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Virginia Cancer Specialists Practice Blog

May 28, 2020

Multiple myeloma is a hematologic malignancy, with an annual incidence of approximately 32,000 patients in the United States1, and a median age of onset at 70. It is a cancer of bone marrow plasma cells, which normally function as professional antibody producing cells and are an integral component of the immune system. Manifestations of the disease typically include bone lesions, kidney dysfunction, electrolyte derangements, and lowering of the blood counts. Treatment in the not too distant past principally revolved around intensive combinatorial chemotherapy, which while temporarily lowering disease burden, rarely resulted in persistent remissions. In the modern era, however, rapid response can be realized with a relatively brief course of well tolerated targeted therapy. The most commonly utilized induction regimen in the US uses lenalidomide (Revlimid), bortezomib (Velcade), and dexamethasone (a steroid) and can often be safely administered in patients in their 7th and 8th decade of life. Consolidation with an autologous stem cell transplant using a patients own stem cells or maintenance attenuated dose RVD both serve to deepen and extend this initial response.

Meaningful clinical advances have occurred in the last several years, predicated upon intensive basic science research of myeloma biology. This includes refining of risk stratification to more precisely discriminate different subsets of patients based upon molecular and genetic characteristics. Increasing recognition of disease heterogeneity is informing an individualized approach to treatment. Therapeutic advances include: advent of second generation targeted agents- pomalinomide, carfilzomib, ixazomib-  which often have better efficacy and narrower toxicity profile than the original compounds; antibody based immunotherapy which hones onto specific molecules on the surface of the myeloma cell causing cell death- daratumumab, elotuzumab, isatuximab; and novel compounds which attack different chokepoints critical to myeloma cell survival- selenixor, venetoclax (still investigational) 2. Finally, the next iteration of immunotherapy using genetically modified cellular therapy and sophisticated antibodies conjugated to chemotherapy payloads embody the exciting frontier of myeloma research. Early results are promising and these agents are actively being investigated earlier in the disease course.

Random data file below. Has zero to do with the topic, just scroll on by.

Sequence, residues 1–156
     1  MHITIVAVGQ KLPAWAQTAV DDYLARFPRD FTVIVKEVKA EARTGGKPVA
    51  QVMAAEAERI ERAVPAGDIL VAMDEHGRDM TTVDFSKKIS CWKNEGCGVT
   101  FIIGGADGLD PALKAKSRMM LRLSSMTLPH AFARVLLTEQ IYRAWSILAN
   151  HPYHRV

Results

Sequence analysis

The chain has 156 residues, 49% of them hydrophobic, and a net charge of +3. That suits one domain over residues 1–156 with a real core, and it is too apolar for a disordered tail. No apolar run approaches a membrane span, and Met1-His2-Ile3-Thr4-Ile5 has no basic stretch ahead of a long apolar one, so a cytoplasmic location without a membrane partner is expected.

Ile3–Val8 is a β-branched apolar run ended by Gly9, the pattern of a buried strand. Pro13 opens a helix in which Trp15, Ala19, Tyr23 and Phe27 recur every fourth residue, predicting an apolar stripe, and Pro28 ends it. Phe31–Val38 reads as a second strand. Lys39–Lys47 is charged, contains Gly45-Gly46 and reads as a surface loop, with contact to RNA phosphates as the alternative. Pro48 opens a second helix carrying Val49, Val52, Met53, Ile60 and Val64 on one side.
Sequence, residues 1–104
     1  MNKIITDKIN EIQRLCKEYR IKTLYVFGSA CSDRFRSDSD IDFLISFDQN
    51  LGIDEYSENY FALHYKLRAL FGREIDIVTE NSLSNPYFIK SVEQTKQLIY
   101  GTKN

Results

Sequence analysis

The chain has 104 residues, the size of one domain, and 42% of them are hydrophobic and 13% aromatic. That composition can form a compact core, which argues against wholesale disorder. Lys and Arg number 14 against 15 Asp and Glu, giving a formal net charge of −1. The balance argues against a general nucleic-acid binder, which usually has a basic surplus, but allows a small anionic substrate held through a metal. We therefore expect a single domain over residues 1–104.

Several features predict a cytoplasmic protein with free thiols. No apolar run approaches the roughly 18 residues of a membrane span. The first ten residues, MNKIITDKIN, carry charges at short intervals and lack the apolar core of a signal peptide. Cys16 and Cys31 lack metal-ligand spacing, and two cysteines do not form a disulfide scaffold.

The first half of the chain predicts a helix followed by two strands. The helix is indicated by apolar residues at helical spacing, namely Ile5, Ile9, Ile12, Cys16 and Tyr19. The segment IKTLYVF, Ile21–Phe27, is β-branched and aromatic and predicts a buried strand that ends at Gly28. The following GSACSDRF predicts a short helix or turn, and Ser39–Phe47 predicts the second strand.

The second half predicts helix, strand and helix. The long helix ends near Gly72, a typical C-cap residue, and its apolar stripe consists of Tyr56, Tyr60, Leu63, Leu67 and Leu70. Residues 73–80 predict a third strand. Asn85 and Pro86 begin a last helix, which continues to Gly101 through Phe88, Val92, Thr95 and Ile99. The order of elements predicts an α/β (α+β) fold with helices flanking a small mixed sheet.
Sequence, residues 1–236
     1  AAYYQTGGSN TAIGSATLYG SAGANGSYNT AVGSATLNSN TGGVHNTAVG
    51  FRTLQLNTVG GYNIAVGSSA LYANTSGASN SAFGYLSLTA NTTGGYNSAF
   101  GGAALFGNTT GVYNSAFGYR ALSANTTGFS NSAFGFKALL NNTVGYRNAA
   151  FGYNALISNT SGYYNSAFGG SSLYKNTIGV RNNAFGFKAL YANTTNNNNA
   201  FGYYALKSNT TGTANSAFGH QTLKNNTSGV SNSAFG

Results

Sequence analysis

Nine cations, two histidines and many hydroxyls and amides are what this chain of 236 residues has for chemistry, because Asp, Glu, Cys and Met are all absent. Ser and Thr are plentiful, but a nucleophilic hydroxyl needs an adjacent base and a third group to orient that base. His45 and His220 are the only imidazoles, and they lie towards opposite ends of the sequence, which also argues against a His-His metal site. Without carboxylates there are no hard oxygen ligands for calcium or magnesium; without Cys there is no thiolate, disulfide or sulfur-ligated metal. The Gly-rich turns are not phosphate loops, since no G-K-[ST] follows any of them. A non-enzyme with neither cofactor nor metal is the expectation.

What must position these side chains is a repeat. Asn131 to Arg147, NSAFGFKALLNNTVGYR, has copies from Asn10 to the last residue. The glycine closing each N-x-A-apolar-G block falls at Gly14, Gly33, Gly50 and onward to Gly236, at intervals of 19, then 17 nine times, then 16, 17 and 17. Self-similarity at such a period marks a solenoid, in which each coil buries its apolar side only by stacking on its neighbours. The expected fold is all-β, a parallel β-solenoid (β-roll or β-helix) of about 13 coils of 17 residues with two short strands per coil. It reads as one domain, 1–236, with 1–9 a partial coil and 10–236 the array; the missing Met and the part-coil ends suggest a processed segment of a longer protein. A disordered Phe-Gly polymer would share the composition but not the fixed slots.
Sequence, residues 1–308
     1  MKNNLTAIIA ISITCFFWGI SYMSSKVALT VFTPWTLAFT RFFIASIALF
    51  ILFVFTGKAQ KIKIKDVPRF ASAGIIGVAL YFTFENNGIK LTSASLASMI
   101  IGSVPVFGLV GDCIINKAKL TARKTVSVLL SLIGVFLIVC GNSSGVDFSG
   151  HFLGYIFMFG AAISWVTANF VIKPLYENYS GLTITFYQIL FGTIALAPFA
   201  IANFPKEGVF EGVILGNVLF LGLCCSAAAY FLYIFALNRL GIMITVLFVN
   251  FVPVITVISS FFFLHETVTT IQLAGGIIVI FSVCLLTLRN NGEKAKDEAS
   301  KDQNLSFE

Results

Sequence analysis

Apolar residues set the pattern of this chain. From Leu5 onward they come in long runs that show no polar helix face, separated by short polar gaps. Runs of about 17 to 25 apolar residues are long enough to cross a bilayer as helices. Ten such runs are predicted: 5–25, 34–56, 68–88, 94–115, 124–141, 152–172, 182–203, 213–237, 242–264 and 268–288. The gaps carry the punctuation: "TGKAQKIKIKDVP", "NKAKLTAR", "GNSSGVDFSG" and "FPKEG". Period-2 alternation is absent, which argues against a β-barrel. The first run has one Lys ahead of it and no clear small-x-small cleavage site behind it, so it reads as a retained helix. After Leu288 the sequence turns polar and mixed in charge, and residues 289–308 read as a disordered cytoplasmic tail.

So, what do we do with this welcome burden of new drugs? The field is actively exploring several critical questions:

  1. First, how do we intelligently combine and sequence these agents in new patients to achieve deep and durable remissions? What combination yields the greatest response in the safest manner?
  2. Second, can we sensitively identify and elimination microscopic disease after intensive initial therapy to potentially avert indefinite therapy?
  3. Third, for patients who develop relapse, what is the optimal combination of novel agents which can recapture remission? What is the role of novel immunotherapueutic approaches in this space?
  4. Finally, can we alter the disease course by intervening early in a patient with “pre-myeloma” such that they never develop symptomatic disease? Whether select patients with smoldering myeloma, a long recognized precursor entity, may be able to avert symptomatic disease with intelligently timed treatment is the subject of national and international investigation.

At Virginia Cancer Specialists we have a robust multiple myeloma program with a large volume of patients, a wealth of clinical expertise, and an active research program with an expanding portfolio of clinical trials. We are members of the Mulitple Myeloma Research Consoritum (MMRC), a national network of leading research institutions whose sole purpose is the advancement of myeloma research. Through our collaboration with MMRC and our partnership with US Oncology, we’re able to bring to our community the latest therapeutic advances and cutting edge clinical trials which helps are patients now, and any future patients we’re asked to serve.

  1. Reference: https://www.cancer.net/cancer-types/multiple-myeloma/statistics
  2. Cancer drug dictionary: https://www.virginiacancerspecialists.com/chemotherapy-class/cancer-drug-dictionary-cancer-terms/

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